2009 | Director: Michael Bay (“Armageddon”) | Writers: Roberto Orci & Alex Kurtzman (“Mission: Impossible III”) and Ehren Kruger (“The Ring”)
If “Gremlins 2” were a two-and-a-half-hour-long car commercial, it would closely resemble “Transformers: Revenge of the Fallen,” which fills the screen with enough sight gags, quasi-comedic characters, and candy-colored vehicles to cause the viewer to suffer an occasional seizure or four while watching this sequel. The difference is that “Gremlins 2” was a loving homage to Chuck Jones-style cartoon comedy, resplendent in its mayhem, while “Fallen” is only in love with its own butt-kicking bombast. Its narcissism is partially warranted, however; with a good 45 minutes and 20 or so characters cut from its substantial margins, it would have been the mindlessly endearing popcorn film it imagines itself to be.
Two years after the events of the first “Transformers” joint, “Fallen” finds Sam (Shia LaBeouf) on his way to college while trying to hold together his unbelievable relationship with the mind-blowing Mikaela (Megan Fox, playing by far the most attractive, inappropriately-dressed mechanic in the history of the world). But when a remnant of the AllSpark fills his simple brain with ancient robot hieroglyphics and junk, Decepticons universe-wide scramble to find Sam, in order to extract the information from his mind, in order to resurrect the evil Megatron, in order to get an even eviler old robot named The Fallen back to Earth, in order to turn on some prehistoric Sun-killing machine, in order to mine all the planet’s Energon—and heck, to murder all humans for good measure. Luckily, Optimus Prime and all your favorite new GM automobiles, available for sale at any almost-bankrupt domestic car dealership near you, are there to protect mankind.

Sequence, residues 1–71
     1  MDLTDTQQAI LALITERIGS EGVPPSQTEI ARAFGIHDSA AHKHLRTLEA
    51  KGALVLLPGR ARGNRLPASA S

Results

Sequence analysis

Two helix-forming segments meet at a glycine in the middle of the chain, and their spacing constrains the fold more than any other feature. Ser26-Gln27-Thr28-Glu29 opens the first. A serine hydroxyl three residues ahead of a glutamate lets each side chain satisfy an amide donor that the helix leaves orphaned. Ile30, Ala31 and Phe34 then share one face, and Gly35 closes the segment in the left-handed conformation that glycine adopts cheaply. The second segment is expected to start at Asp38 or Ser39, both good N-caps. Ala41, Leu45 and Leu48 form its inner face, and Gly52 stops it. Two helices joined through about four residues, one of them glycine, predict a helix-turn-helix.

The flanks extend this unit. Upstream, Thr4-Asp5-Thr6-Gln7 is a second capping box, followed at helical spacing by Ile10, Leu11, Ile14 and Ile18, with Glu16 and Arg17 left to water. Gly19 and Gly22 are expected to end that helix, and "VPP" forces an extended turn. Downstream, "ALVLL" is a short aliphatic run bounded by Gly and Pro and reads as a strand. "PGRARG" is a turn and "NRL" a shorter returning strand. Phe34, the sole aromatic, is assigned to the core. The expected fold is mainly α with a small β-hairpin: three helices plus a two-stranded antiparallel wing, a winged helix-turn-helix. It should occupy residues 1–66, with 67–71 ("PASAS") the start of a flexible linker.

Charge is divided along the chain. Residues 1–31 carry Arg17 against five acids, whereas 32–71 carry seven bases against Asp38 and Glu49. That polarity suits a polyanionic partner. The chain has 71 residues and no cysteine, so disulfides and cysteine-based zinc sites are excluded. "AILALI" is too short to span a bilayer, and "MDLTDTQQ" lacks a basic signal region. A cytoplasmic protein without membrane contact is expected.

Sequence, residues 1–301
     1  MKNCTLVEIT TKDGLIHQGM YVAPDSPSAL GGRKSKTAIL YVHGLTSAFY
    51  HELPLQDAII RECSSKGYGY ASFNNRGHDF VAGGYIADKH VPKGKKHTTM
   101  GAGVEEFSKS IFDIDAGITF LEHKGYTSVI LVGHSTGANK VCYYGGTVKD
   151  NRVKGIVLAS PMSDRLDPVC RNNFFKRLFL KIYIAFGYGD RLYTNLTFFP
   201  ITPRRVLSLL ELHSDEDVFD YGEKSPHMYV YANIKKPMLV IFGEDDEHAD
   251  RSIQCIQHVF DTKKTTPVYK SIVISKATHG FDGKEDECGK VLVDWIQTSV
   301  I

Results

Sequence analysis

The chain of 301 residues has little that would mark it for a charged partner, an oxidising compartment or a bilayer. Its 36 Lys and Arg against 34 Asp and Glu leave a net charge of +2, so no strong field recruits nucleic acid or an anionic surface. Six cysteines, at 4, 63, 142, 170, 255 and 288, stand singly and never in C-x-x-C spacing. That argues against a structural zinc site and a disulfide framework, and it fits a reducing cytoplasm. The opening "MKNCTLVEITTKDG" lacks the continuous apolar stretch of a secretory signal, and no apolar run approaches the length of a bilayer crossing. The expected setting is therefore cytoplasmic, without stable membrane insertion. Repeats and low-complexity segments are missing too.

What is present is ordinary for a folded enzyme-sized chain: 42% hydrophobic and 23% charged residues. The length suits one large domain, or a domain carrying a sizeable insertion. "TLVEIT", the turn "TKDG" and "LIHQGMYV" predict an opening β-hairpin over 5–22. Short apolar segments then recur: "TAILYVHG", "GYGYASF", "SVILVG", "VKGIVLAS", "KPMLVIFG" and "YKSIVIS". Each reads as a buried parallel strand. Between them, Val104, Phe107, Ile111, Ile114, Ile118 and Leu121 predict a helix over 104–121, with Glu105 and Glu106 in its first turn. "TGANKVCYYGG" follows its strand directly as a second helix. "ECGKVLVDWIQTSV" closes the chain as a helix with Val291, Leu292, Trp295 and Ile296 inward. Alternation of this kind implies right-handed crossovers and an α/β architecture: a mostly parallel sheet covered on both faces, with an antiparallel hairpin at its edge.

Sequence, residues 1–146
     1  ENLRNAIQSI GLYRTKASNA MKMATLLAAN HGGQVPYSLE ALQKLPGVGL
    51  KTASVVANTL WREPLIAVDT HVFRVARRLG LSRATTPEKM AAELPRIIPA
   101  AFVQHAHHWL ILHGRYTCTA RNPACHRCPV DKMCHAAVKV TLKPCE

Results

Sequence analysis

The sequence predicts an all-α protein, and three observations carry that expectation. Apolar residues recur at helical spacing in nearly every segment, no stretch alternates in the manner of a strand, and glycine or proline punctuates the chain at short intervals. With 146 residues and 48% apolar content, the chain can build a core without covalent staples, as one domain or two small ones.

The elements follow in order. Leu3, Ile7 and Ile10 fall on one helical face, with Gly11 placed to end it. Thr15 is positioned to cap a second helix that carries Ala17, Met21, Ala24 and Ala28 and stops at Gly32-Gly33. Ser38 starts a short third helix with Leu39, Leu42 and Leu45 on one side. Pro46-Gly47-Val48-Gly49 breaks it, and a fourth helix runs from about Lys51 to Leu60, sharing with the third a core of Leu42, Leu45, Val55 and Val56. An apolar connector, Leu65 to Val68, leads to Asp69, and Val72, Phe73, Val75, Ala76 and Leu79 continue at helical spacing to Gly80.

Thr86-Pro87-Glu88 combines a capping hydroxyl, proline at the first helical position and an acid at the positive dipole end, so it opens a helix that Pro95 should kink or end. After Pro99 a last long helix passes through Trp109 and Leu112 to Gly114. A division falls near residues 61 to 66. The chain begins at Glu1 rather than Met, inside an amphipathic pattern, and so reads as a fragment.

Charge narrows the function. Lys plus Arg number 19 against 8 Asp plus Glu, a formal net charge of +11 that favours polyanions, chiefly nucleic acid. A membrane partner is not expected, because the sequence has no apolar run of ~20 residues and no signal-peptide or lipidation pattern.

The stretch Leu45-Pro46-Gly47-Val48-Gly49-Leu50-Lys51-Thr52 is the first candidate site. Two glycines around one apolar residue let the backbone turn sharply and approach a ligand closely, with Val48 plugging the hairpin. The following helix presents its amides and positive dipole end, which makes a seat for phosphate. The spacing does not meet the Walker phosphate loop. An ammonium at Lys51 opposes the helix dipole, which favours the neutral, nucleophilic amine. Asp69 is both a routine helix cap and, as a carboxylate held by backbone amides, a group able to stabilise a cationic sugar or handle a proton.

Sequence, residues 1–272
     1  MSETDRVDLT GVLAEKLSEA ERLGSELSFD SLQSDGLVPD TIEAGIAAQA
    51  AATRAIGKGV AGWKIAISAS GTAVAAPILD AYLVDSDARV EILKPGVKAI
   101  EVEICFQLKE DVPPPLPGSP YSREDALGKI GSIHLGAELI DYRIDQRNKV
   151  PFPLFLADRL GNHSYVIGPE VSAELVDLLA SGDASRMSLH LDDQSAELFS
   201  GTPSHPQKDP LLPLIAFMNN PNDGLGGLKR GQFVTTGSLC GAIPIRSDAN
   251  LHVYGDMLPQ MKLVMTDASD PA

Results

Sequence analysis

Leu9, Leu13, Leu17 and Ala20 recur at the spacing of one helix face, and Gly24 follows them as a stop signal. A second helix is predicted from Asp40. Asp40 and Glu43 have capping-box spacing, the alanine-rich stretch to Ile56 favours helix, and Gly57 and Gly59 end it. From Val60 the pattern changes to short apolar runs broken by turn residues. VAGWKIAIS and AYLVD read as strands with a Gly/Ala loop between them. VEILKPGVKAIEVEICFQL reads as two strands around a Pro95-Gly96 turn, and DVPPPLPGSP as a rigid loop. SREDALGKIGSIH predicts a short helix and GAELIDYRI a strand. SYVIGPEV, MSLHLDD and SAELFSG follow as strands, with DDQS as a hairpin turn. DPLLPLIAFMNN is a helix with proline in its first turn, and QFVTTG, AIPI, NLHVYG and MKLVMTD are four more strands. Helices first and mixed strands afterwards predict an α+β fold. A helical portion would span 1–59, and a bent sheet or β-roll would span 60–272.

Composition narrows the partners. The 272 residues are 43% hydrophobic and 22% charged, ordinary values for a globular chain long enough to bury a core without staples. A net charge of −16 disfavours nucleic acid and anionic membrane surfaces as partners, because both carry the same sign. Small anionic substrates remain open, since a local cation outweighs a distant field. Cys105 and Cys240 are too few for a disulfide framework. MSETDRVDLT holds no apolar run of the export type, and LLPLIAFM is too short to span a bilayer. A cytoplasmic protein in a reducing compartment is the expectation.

As with any Michael Bay film, “Fallen” suffers from a severe case of bloating, with countless actors with clichéd character arcs fighting for screen time with CGI robots voiced by even more actors. (One imagines last year’s potential SAG strike was averted when Bay and producer Steven Spielberg hired half of Hollywood to work on this film.) The plot is so muddled with major storylines that it’s nearly impossible to keep everything straight, and needless subplots come and go every five minutes just to introduce a new potential action figure.
Bay, for all his faults, knows how to piece an action scene together, and he also understands the power of humor—hit-and-miss as it may be—as an important facet of the tentpole blockbuster, meaning somewhere deep inside the shell of constant explosions and screaming, ridiculously-tan characters is a sleek, entertaining action film that manages to tell a big, fate-of-the-human-race story in grand fashion. Ultimately, the satisfying battle setpieces that pepper each act aren’t enough to keep “Fallen” from collapsing under the weight of all its bells and whistles, but one would be hard-pressed to find a more impressive failure to watch this summer.
Rating: Two and a Half of Five Stars